Hillforts occur in great numbers in West Wales. These are often smaller than the great hillforts of southern England, but there are many more of them. The best-known, and the most extensively excavated, is Castell Henllys, where Harold Mytum has not only excavated most of the interior - this Iron Age site has been the subject of an ongoing excavation for more than twenty years - but also an exercise in reconstruction archaeology whereby experiments in prehistoric farming have been practised. Four roundhouses and a granary have been reconstructed on their original Iron Age foundations
I was lucky enough to visit Castell Henllys on a trip as part of my archaeology degree, and had a great time wandering around looking at the Soay sheep, and sitting in a roundhouse listening to my lecturers.
Take the A487 from Newport to Cardigan. About 6.4km from Newport, the site is signposted. Turn left to get to site car park and the site is only a 100m walk.
From Cardigan to New Quay
"surviving the floods"
October was one of the warmest autumns on record...
End of November was bright and clear...
Unoftunately we stayed in this beautifully restored Romany caravan in * early* November, during some of the wettest weather I've experienced.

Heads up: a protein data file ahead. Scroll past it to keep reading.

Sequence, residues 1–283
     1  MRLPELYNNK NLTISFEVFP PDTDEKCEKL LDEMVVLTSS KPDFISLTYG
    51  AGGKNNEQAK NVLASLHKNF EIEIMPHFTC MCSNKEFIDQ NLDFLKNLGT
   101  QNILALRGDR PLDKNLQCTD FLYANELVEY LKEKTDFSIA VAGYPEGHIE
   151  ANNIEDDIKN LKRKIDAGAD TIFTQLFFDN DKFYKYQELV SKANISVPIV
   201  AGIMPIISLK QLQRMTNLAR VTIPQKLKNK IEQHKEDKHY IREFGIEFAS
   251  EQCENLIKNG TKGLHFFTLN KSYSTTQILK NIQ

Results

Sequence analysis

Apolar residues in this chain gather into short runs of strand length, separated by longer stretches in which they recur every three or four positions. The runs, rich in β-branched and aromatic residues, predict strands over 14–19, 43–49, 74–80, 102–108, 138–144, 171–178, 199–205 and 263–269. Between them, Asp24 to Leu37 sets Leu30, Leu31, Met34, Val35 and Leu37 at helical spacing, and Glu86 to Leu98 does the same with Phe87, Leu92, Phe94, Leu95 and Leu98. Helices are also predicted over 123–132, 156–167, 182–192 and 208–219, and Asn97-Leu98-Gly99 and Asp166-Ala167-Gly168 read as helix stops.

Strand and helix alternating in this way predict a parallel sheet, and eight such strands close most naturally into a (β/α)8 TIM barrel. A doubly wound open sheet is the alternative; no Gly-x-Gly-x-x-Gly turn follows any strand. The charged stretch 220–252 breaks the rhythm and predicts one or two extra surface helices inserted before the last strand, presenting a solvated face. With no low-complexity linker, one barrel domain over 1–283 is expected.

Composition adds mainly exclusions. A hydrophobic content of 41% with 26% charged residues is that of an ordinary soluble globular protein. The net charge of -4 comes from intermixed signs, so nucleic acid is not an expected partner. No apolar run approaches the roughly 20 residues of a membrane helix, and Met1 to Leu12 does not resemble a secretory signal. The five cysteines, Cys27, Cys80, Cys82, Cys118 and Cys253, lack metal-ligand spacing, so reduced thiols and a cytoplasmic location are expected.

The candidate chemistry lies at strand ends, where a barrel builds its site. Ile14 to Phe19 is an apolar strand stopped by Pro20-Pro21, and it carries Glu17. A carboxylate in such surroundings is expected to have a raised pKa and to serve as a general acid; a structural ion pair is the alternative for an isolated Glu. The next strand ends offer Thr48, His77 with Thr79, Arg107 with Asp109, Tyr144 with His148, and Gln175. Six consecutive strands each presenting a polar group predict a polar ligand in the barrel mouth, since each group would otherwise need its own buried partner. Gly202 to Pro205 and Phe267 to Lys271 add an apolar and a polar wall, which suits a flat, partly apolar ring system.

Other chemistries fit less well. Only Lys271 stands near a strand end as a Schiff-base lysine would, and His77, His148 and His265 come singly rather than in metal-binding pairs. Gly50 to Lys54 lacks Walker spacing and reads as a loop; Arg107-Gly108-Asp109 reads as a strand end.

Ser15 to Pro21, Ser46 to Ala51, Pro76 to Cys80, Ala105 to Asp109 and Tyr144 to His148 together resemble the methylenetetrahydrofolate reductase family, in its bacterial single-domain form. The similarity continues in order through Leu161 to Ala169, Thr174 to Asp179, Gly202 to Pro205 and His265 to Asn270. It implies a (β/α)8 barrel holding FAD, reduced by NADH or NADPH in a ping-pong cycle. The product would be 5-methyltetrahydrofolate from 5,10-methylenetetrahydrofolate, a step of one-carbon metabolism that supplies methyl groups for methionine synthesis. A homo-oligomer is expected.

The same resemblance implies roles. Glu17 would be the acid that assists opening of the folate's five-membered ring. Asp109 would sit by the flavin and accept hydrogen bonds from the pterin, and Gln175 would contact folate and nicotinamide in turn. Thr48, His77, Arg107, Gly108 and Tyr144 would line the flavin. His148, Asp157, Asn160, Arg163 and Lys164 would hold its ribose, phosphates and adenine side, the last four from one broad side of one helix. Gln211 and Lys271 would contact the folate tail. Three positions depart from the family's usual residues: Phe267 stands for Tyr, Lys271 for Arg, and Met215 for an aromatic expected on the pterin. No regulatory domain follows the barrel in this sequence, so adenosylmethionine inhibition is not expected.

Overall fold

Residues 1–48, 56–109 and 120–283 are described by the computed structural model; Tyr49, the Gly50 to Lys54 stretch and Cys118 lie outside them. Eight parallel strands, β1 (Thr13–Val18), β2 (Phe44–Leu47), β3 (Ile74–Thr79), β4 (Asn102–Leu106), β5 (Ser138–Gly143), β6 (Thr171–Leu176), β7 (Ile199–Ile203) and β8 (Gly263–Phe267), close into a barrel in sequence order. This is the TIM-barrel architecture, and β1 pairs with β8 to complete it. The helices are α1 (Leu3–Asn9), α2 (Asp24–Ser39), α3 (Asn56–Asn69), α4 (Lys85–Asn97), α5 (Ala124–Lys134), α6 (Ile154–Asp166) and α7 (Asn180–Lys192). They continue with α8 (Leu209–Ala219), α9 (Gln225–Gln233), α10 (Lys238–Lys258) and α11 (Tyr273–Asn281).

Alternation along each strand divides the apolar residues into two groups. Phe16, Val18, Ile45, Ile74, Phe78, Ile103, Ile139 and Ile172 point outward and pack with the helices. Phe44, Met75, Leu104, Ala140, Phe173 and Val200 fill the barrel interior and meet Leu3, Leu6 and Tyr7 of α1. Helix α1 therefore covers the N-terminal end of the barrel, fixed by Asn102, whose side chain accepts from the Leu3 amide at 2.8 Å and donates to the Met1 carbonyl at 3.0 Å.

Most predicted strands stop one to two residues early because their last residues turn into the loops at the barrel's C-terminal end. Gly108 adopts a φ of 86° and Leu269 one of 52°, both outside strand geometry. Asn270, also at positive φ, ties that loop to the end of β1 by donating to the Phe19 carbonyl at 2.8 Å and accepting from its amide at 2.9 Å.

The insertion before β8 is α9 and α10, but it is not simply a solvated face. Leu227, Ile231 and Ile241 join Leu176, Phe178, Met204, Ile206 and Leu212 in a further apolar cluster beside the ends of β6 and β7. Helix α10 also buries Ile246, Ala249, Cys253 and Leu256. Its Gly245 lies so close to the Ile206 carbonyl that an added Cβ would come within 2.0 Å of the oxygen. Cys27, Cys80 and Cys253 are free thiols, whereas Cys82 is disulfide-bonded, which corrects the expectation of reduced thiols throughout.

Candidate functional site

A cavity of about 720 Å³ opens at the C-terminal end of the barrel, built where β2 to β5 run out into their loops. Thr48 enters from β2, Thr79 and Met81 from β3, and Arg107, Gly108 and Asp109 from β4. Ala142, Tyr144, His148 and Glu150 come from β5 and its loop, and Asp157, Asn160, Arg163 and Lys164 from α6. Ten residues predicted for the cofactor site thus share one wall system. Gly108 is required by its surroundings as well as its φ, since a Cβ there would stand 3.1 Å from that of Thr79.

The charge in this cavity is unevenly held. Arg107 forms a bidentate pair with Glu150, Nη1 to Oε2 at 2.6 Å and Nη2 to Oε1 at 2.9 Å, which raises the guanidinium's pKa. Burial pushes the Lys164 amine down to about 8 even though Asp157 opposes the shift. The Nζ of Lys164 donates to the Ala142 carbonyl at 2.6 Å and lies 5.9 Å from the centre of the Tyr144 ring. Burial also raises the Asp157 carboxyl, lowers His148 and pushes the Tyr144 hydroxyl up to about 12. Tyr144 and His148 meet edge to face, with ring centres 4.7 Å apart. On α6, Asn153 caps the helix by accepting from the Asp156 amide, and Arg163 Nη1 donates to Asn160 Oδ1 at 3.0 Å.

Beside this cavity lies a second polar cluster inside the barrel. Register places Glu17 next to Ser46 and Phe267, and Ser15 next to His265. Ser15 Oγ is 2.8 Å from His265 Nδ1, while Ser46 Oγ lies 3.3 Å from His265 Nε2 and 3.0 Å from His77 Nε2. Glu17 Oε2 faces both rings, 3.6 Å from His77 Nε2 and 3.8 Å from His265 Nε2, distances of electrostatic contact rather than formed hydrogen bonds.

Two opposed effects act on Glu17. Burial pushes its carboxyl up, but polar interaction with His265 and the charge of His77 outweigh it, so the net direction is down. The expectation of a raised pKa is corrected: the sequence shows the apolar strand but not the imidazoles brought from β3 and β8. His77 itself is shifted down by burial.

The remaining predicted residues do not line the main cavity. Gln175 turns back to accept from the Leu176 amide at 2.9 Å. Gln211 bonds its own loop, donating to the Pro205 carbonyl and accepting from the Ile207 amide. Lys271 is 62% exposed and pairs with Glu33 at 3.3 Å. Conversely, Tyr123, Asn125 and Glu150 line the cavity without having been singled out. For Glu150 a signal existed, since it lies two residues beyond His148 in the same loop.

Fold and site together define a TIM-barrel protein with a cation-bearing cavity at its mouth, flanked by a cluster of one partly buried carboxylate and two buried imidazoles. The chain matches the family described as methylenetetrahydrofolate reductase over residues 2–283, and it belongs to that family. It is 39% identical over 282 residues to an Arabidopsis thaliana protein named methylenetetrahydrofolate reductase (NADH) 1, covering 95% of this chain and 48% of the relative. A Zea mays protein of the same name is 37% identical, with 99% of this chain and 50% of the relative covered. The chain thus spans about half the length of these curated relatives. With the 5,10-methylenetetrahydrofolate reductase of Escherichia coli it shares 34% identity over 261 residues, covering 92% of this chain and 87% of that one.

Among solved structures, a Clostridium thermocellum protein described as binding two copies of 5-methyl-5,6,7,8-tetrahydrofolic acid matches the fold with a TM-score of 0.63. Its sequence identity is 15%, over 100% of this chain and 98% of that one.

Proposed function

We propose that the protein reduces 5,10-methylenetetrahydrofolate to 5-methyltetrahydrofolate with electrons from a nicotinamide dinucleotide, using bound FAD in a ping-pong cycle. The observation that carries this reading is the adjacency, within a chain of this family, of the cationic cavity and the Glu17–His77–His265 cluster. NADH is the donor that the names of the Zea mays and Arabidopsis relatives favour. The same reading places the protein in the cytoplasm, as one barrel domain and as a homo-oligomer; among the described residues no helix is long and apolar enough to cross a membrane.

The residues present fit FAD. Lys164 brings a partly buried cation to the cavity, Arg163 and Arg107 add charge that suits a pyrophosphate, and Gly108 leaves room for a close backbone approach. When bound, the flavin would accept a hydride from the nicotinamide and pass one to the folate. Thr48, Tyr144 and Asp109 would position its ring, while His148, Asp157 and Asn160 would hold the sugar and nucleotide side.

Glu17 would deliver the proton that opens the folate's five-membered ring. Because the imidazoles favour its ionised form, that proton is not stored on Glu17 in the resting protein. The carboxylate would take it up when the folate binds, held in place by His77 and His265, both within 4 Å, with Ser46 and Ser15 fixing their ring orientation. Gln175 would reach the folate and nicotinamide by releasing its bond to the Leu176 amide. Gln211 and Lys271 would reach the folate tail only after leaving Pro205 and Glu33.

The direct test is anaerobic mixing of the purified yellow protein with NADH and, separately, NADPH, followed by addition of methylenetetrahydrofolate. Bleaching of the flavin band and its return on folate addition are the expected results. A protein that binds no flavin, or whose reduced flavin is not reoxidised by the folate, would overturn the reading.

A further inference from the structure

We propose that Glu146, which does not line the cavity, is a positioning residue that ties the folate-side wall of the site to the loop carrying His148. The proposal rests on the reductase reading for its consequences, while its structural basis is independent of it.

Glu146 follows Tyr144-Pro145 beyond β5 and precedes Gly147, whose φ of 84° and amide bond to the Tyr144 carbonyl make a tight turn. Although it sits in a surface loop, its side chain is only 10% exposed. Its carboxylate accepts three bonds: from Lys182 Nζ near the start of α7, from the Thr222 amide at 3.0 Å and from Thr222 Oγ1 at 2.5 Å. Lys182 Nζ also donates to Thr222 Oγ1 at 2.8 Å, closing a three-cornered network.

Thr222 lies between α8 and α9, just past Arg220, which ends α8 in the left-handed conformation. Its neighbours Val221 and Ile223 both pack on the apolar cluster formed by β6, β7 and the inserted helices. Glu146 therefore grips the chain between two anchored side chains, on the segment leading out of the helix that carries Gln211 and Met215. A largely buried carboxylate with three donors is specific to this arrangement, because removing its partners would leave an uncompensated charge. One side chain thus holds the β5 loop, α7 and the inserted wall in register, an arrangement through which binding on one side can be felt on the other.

Our vardo and accompanying cabin was snug and dry, although the waters rose to within a foot of the van.
So.... we didn't see as much of the countryside as I'd have liked.
I had happy childhood memories of this part of the world ( the kind of memories where the sun is always shining!) so I was taken aback to find gales and sheets of rain. Remember - November.....
Wonderful beaches, beautiful wooded countryside along the banks of the river Teifi, charming towns and villages.
Dylan Thomas once lived in New Quay and you can drink in the pubs he once frequented; we took refuge in one for quite some time, during the height of the rain. Wander round its pretty harbour and terraces. You might even see seals and dolphins and otters along the coast here.
Cardigan bay is a great sweep of coastline between the two 'sticky-out bits' of Wales : 40 miles of largely unspoilt coastline. Bliss! Out of season you'll be a Robinson Crusoe.
Legend has it that there was once fertile land out in Cardigan bay. One night the sea came in and never went out again. ... now, they do say that on a dark and stormy night you can hear the pealing of the church bells from under the waves...
This is a more recent flood : November 2005